Tom Karnowski and Jordan Johnson of the Department of Energy’s Oak Ridge National Laboratory have been named chair and vice chair, respectively, of the East Tennessee section of the Institute of Electrical and Electronics Engineers, or IEEE. After expressing interest in volunteering with the local section, Karnowski, the group leader of the Cyber Sensing and Analytics group, and Johnson, a cyber security technical professional in the Embedded Systems Security group, were appointed to leadership roles as the organization returns to pre-COVID operation.
Starting out as volunteer members within the East Tennessee section, Karnowski and Johnson were brought into their new positions in an atypical manner, being asked to volunteer for appointment into leadership. In the winding down of the pandemic, the local IEEE section was searching for people to revitalize the membership.
“It has been a bit unusual,” Karnowski said. “The East Tennessee section was very active and had a healthy executive committee in place until COVID, which really took a lot out of the section.”
Karnowski, a long-time member of IEEE, recognized the importance of ORNL’s involvement within the organization at large. “As the largest Department of Energy Office of Science laboratory, we are responsible (for being) a leader in highlighting and enhancing technology in our area as well as in the nation,” he said. “Similarly, IEEE touches more of the research and development work going on at ORNL than any other professional society.”
And although ORNL represents an important demographic within IEEE, Karnowski and Johnson recognized the importance of engaging with the non-ORNL membership of the East Tennessee IEEE section. Karnowski said that they will “take care to not make the local section and its chapters overly ‘ORNL-centric,’ as there are a lot of members involved in a diverse array of different fields and interest.”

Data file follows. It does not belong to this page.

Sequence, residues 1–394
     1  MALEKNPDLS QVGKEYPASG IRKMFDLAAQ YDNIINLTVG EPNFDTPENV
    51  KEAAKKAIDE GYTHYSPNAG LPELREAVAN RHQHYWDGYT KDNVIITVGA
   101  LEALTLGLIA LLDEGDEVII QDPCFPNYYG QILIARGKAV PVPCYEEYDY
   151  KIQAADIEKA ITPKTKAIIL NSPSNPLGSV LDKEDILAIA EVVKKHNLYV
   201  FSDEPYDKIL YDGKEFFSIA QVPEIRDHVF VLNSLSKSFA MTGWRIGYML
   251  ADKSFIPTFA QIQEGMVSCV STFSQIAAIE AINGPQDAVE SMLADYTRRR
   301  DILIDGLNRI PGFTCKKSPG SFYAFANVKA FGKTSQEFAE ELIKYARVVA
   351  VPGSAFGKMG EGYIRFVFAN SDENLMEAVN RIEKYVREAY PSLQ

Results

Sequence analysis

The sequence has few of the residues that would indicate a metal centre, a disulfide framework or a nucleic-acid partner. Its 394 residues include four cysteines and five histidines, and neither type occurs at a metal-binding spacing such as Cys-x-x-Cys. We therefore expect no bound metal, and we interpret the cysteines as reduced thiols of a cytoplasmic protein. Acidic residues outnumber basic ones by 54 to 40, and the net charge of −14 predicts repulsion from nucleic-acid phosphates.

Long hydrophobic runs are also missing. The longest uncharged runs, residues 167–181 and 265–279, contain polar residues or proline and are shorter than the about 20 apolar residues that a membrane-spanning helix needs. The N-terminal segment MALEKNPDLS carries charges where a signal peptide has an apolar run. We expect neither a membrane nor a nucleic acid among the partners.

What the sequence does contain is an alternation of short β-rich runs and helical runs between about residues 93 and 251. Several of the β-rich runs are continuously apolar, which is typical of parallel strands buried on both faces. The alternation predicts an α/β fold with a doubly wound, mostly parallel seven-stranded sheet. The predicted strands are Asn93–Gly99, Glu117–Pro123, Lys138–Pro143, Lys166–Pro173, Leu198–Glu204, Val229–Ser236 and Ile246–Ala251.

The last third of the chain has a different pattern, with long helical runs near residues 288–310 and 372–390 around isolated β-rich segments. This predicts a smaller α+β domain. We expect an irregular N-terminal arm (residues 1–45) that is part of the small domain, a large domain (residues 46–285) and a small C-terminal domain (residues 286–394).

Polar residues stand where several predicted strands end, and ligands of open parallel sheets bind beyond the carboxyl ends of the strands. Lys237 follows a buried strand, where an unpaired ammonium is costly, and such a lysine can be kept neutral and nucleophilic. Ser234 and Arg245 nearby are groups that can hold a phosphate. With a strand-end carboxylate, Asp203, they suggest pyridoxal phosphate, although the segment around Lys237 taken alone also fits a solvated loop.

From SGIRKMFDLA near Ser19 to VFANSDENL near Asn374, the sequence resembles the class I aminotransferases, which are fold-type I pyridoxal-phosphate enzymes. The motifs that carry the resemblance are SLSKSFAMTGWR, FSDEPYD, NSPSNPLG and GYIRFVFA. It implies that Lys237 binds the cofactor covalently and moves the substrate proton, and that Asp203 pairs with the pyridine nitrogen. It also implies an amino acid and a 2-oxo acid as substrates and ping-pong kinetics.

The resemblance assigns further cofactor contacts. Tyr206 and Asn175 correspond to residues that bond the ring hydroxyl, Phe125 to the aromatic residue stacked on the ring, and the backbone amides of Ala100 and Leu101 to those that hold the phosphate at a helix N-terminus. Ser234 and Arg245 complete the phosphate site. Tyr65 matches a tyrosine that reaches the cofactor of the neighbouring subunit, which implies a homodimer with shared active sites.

Karnowski believes his diverse experiences at ORNL will help him communicate the benefits of professional organizations such as IEEE. “I have worked as a technical professional in my early years at ORNL, as a SOTA, or Student Older Than Average while securing my PhD, and now as a group leader.” He believes an IEEE membership have benefitted him throughout his career – from guidance in journal and conference publications to access to insurance programs.
As for Johnson, his attendance at the IEEE Region-3 Southeast Conference where he was able to participate in the volunteer training and his positive working relationship with Karnowski have provided him with the resources needed for IEEE leadership.
“One of the vice chair’s primary roles is to support the section chair,” Johnson said. “I have known Tom for a few years and have worked with him on a couple of projects. He is a pleasure to work with, and I am looking forward to supporting him in this new role as well.”
In their new roles, Karnowski and Johnson aim to grow membership and highlight the work of IEEE members in the area, especially young engineers.
“I spend a lot of time on ORNL’s campus working with other young professionals on projects and in my group,” Johnson said. “I hope to get them plugged into our local section to help foster the young professional involvement.”
And although they are cautious about overextending themselves, Karnowski and Johnson are optimistic about the future of the East Tennessee section and are ready to tackle these new responsibilities.
“I am always a bit hesitant about taking on new roles,” said Karnowski, “but look forward to helping revitalize our local section.”
UT-Battelle manages ORNL for the Department of Energy’s Office of Science, the single largest supporter of basic research in the physical sciences in the United States. The Office of Science is working to address some of the most pressing challenges of our time. For more information, please visit energy.gov/science. — Lena Shoemaker